Public Talk by Michel Hockx
Monday, November 6, 2017
Location: Knight Library Browsing Room
This paper builds on Prof Hockx’s published research on Internet Literature in China by looking specifically at the preservation of early material. Internet Literature is now an accepted category of literary production in the PRC and elsewhere. It is being taught at universities, its products are the subject of critical evaluation and compete for literary prizes. There is also a flourishing historiography of the genre and some early works have been singled out by several scholars as “foundational” or even “canonical.” This raises the question to what extent these early works have been preserved, and whether or not they can still be viewed and experienced in their original format and context. Based on material collected in the course of his own investigations, Hockx will discuss the extent to which works have disappeared, and the methodological difficulties in doing research on this kind of ephemeral material.
Michel Hockx is a professor of Chinese Literature in the Department of East Asian Languages and Cultures and the Director of the Liu Institute for Asia and Asian Studies at the University of Notre Dame. He has published widely, both in English and in Chinese, on topics related to modern Chinese poetry and literary culture, especially early 20th-century Chinese magazine literature and print culture and contemporary Internet literature. His latest book, Internet Literature in China, was listed by Choice magazine as one of the “Top 25 Outstanding Academic Titles of 2015.” His ongoing research focuses on the effects of moral censorship on the preservation and digitization of modern Chinese cultural products. Hockx studied Chinese language and literature at Leiden University in the Netherlands, where he earned his Ph.D., and at Liaoning and Peking universities in China. Prior to joining Notre Dame in 2016, he taught for twenty years at SOAS, University of London. In addition to his scholarly work, he has been active as a translator of modern Chinese literature into his native Dutch.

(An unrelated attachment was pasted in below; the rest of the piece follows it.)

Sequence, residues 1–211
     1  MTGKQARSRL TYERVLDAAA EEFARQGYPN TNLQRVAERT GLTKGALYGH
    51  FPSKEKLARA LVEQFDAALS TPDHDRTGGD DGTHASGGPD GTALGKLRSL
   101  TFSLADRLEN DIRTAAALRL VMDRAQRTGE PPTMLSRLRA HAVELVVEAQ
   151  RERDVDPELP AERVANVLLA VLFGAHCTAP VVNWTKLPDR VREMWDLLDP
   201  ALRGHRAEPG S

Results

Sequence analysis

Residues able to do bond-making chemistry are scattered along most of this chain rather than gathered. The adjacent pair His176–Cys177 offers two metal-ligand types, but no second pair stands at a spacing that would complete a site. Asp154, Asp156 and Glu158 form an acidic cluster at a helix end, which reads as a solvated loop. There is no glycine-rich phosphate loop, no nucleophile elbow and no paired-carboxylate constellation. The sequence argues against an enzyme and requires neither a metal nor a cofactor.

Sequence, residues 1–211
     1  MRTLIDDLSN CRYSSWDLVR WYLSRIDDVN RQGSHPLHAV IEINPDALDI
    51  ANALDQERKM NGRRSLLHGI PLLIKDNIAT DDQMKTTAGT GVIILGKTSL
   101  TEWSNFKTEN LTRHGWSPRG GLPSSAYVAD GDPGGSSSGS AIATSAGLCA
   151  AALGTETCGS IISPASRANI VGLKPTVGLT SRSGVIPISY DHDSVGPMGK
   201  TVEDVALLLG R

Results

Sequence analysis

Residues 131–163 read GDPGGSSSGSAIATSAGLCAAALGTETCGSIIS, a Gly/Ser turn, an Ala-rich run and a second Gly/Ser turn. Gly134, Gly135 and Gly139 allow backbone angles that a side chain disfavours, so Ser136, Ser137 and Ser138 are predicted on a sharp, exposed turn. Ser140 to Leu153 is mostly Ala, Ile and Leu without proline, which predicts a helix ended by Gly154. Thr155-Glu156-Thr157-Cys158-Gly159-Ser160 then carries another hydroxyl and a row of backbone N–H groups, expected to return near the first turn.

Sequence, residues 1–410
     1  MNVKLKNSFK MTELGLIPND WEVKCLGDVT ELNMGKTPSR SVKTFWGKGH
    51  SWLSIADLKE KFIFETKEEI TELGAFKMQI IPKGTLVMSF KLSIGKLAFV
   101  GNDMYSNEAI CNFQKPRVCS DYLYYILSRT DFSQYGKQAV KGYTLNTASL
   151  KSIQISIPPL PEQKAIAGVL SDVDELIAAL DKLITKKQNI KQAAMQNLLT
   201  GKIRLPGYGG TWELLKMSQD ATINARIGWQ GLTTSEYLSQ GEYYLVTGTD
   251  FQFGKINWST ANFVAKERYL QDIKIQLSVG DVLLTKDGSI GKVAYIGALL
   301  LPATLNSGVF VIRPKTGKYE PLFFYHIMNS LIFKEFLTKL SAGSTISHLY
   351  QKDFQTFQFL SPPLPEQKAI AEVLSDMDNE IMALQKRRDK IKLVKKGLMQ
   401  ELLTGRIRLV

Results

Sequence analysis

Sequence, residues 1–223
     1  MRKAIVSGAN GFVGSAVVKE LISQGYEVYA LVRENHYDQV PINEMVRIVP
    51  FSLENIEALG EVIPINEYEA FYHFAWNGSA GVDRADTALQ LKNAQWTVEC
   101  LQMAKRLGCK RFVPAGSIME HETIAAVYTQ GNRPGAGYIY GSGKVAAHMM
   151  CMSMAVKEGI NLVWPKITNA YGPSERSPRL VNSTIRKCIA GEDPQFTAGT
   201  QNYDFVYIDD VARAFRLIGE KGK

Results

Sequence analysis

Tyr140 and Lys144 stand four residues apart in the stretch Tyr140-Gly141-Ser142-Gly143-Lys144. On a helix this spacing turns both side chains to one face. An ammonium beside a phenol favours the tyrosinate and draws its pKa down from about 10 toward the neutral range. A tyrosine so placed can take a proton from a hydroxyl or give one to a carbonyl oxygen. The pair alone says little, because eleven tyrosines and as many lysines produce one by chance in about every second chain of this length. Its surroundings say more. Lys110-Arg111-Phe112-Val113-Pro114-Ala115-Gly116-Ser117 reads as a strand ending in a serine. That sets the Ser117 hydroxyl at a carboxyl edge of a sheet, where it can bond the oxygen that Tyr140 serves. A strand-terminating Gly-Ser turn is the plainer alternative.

Public Talk by Hans Van Tilburg
Wednesday, November 8, 2017
Location: Lillis 185
Shipwrecks are time capsules of history, offering unique insights into a fascinating maritime past. In 2015 Hans Van Tilburg joined a volunteer research team of American and Mexican archaeologists investigating a Spanish shipwreck site in Baja California. The ship’s cargo, broken and buried in the remote dunes, speaks directly to the early days of the Manila galleons and the expansive global influence of China’s maritime trade. Through advancements in technology and increasing discoveries underwater, the potential for this kind of sunken heritage is becoming clearer throughout the Asia Pacific region.
Hans Van Tilburg holds a BA in geography from University of California Berkeley, an MA in maritime archaeology/history from East Carolina University, and a PhD in history from the University of Hawai`i, where he ran the graduate program in maritime archaeology and history. He has taught numerous university courses in world and maritime history, and published over 35 articles and book reviews, as well as several books. As an underwater archaeologist, Hans has been the principal investigator for over 30 site projects throughout the Hawaiian archipelago, American Samoa and Alaska, including diving, ROV and manned submersible operations. He has also served as an expert consultant for UNESCO’s intangible cultural heritage program, as well as co-instructor for UNESCO’s Underwater Cultural Heritage Foundation courses. Hans is currently the archaeologist/historian for NOAA’s Maritime Heritage Program in the Pacific Islands region, and a unit diving supervisor for NOAA’s National Ocean Service in Hawai`i.
Sponsored by the Confucius Institute for Global China Studies.